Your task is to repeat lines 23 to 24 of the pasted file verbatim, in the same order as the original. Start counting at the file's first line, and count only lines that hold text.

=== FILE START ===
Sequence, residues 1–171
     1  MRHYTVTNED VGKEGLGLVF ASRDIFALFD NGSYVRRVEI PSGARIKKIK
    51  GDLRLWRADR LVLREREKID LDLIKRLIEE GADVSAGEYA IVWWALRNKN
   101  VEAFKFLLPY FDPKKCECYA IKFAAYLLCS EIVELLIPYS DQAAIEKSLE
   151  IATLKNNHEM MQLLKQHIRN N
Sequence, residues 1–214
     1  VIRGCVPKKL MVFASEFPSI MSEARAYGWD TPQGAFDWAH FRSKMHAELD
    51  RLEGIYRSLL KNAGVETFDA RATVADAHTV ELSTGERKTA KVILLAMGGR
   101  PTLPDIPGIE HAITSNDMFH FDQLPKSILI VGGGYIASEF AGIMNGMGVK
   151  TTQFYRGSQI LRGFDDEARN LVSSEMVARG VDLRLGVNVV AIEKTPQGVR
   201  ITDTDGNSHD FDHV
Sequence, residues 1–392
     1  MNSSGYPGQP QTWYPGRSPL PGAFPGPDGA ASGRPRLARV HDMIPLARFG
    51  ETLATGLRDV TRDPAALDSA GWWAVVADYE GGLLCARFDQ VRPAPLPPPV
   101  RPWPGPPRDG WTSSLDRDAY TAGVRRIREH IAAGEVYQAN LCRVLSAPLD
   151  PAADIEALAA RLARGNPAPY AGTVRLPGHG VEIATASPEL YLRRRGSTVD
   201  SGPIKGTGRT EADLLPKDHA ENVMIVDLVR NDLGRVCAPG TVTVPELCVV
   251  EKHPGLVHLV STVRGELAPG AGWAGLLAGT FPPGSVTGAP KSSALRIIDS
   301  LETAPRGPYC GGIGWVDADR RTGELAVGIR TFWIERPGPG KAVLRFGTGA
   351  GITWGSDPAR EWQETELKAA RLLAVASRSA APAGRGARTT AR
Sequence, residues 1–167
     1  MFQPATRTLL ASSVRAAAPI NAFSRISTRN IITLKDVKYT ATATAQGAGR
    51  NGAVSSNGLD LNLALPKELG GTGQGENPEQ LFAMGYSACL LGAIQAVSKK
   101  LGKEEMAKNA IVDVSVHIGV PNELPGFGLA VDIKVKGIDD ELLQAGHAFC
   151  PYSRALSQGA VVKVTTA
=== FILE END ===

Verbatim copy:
    51  NGAVSSNGLD LNLALPKELG GTGQGENPEQ LFAMGYSACL LGAIQAVSKK
   101  LGKEEMAKNA IVDVSVHIGV PNELPGFGLA VDIKVKGIDD ELLQAGHAFC